“I’ve been impatient with the art world,” said Brutsche. “Artists really have a responsibility to speak out against social injustice. Instead, artists have become small businessmen. I know if I would leave out some of that social commentary, the likelihood would be a lot greater that my work would be hanging over someone’s couch.”

October 2009:  The Santa Cruz Anarchist Doll-Making Collective
The Dark Night of DIY Ragdolls and Monsters

The Gaping Maw

The Gaping Maw

On Friday, October 2nd, at 5pm, SubRosa is excited to introduce the recent work of the Santa Cruz Anarchist Doll-Making Collective.  The show entitled The Dark Night of DIY Ragdolls and Monsters features the work of a dozen artists working individually and collaboratively to create homemade and recombined dolls and monsters.

Gray Man by Wes Modes

Gray Man

The original Dark Night arose out of a series of Free Skool Santa Cruz workshops on doll- and monster-making. Artists built dolls and monsters by hand out of scraps from their workshops, items gathered at the city dump, and materials scavenged from Bargain Barn.  During a series of Dark Nights, artists drank tea, made dolls, and stayed up all night sewing and watching dark doll movies from filmmakers the Brothers Quay, Jan Svankmajer,and Henry Selick.

Peering into the mad workshop of mad doll creators I saw feverish hands working away, some delightfully creepy movie playing on an old tv set, doll parts and needles strewn about the cutting floor, Frankenstein doll creations coming alive!

Historically, dolls are some of the oldest discovered toys, the earliest found in Egyptian tombs dating back to 3000 B.C.E.  Dolls depicted humans, animals, and imaginary creatures and have been made of every conceivable material: bisque, celluloid, china, clay, cloth, corn husks, paper, plastic, polymer clay, porcelain, resin, rubber, vinyl, wax, wood, bone, ivory, papier-mâché, and leather.

Join us for an opening show and reception on this Dark Night.

Art Opening: The Dark Night of DIY Ragdolls and Monsters
Friday, October 2nd, at 5pm
SubRosa, 703 Pacific Ave, Santa Cruz

S. McSprocket

S. McSprocket

September 2009:  Michael Orick and Tom Calderone
Recent Collages


On Friday, September 4th, at 5pm, SubRosa is excited to welcome collage artists Michael Orick and Tom Calderon.  Calderon and Orick have been hosting a weekly gathering of artists for more than three years, creating a wide variety of collage art.  Each, in distinct stylistic approaches to life and art, will be presenting pieces created at Collage Night,  and viewable on the walls of SubRosa and at

Orick applies values and guides meanderings with his jaunty approach to dismantling social interaction.  His claims of art for art’s sake, is couched in a literary tradition of blanched intellectualism mixed with pale understandings of things: things such as color and time, silly similies and woman’s underwear.  His past is yesterday’s now.  Orick is gliding gracefully, with limbs akimbo.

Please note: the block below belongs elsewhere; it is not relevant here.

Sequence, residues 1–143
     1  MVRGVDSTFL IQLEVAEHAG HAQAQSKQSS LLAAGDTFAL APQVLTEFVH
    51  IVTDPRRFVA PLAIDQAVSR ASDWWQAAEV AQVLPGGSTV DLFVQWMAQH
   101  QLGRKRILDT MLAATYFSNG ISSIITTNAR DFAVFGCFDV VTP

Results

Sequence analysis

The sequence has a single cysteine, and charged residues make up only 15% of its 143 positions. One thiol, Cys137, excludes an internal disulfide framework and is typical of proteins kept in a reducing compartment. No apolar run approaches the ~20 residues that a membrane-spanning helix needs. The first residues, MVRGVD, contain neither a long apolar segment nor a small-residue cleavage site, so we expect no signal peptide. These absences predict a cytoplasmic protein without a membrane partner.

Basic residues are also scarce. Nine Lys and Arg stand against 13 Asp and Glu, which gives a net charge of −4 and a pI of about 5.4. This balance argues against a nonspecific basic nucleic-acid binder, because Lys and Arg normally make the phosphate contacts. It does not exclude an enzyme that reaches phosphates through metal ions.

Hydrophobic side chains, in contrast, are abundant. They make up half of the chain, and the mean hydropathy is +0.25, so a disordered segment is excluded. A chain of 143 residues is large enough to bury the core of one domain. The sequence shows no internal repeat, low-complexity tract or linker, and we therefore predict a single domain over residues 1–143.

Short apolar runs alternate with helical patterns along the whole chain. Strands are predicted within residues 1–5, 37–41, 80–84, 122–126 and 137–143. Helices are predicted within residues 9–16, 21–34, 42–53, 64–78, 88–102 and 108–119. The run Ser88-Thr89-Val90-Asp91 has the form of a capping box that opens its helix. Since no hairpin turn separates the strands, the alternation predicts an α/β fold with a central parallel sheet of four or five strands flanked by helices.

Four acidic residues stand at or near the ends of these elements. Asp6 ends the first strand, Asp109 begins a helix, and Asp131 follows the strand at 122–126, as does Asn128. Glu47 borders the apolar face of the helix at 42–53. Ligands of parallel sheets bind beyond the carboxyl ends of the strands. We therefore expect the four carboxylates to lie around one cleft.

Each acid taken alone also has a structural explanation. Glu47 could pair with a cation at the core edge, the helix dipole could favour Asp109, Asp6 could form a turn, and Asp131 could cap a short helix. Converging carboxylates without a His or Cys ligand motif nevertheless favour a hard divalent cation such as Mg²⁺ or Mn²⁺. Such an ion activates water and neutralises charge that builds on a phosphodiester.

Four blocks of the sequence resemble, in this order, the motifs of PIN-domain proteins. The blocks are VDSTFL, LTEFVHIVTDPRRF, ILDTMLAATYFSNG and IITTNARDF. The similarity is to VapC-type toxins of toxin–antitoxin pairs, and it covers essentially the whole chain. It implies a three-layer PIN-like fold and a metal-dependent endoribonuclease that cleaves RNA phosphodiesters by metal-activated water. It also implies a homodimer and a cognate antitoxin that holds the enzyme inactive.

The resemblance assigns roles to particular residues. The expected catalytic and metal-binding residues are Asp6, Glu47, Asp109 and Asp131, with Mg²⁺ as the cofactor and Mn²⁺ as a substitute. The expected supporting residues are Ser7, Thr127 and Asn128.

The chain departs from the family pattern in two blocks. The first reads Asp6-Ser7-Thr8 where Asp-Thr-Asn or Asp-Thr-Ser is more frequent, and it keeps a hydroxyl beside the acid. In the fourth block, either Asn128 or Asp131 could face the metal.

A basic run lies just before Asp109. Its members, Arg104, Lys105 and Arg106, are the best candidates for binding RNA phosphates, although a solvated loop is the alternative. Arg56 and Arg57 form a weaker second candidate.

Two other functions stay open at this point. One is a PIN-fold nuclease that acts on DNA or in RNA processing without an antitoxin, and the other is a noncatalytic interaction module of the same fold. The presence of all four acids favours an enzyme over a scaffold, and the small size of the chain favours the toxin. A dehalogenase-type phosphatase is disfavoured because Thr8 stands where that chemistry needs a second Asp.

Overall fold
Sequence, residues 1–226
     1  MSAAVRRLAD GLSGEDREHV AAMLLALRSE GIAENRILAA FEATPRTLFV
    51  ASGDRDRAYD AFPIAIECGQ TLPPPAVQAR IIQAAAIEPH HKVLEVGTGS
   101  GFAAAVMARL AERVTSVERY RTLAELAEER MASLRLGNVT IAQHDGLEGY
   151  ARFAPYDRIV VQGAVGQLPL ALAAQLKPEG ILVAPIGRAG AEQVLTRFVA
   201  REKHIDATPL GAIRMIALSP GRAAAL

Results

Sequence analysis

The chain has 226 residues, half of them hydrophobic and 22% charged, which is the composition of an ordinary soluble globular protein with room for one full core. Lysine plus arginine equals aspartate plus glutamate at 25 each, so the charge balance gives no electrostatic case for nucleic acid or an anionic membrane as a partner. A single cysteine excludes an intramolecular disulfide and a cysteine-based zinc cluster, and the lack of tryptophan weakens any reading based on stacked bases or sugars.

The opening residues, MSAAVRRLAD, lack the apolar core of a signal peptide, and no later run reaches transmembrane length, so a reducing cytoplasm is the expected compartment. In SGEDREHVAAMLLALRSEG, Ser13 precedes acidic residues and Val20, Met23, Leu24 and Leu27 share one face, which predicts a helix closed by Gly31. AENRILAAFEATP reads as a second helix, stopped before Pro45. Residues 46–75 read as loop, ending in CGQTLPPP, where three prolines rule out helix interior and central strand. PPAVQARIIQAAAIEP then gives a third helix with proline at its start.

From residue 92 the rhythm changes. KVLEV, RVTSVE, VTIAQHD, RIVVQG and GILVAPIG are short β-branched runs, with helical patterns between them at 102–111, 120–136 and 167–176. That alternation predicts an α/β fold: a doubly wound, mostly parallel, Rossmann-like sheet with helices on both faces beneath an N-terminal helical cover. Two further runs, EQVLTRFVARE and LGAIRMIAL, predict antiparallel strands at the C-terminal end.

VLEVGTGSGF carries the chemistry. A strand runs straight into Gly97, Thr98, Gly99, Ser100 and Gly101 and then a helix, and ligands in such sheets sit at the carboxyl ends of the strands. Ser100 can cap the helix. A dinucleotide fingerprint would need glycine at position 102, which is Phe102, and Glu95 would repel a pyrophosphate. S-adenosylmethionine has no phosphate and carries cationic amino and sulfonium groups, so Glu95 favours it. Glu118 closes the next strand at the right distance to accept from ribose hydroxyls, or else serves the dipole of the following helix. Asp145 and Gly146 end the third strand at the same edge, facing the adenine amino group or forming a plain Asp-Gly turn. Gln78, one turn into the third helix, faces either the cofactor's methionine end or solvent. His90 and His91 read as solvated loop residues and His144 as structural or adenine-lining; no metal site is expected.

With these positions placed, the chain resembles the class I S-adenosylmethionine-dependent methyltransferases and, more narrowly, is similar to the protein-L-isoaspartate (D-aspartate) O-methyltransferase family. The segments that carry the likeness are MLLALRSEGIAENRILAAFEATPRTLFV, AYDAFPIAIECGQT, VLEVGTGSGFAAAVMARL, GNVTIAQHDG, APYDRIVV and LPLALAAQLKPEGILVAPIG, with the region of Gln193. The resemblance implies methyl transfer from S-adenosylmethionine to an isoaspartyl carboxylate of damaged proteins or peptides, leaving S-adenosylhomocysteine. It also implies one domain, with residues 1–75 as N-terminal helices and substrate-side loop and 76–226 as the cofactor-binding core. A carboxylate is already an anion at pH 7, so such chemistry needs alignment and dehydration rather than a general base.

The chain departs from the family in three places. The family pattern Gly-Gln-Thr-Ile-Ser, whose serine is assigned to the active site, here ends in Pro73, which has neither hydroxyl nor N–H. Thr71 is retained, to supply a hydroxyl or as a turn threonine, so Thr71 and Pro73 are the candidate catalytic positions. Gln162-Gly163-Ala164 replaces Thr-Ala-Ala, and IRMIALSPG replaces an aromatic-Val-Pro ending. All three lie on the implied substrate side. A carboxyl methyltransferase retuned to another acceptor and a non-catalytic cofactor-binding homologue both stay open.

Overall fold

Calderon, with his understanding of politics and religion, attempts to create visions of the reality behind the accepted spectacle.  His imagery is savage and calm, shockingly beautiful and sadly real, steeped in water like a fine tea, flavored something excellent.

Collage, considered by some the premier postmodern art form, has remained as fresh as local produce, and a clear link to the time before Nike and Coca-Cola.  Weilding their exacto-knives and glue sticks, collagenight provacateurs Calderon and Orick, hope to push the agenda of dreamers everywhere.

Art Opening: Michael Orick and Tom Calderone
Friday, September 4th, at 5pm
SubRosa, 703 Pacific Ave, Santa Cruz

July 2009:  Adriane White
Getaway Sticks and Spaghetti Landscapes

Adriene White Art Opening at SubRosa

On Friday, August 7th, at 5pm, SubRosa is excited to welcome the art of Adriane White to our walls.  These paintings portray her myriad feelings on performance art from weekly performances to burlesque to turn of the century stage set design.

Evenings Return

Evening's Return by Adriane White

The dozen canvases in this show represent two whimsical series combined.  One is of part animals, part humans, who’ve been forced into the show business against their will.  The other is of a spaghetti landscape fantasy where meatballs are moons and a lone dancing foot is the star attraction.

Ms. White says, “I have been in the performance arena for a long time whether it be working at a Caberet restaurant, singing in a karaoke competition or performing my own act in a burlesque show. I can’t seem to shake it, I suppose, cause here it is haunting me in paint form. Maybe I just need to get it out of my system.”

Adriane White is a long time lover of the arts and has dabbled in its many avenues.  She’s studied dance and music most of her life and has appeared in over twenty theatrical plays and musicals.  After receiving her B.A. in studio art, with an emphasis on photography she undertook some commercial work.  Following a freak bike accident which left her injured, she turned to painting to occupy her creative energy.

Art Opening: Adriane White
Friday, August 7th, at 5pm
SubRosa, 703 Pacific Ave, Santa Cruz

For prints on canvas of these paintings, contact her at or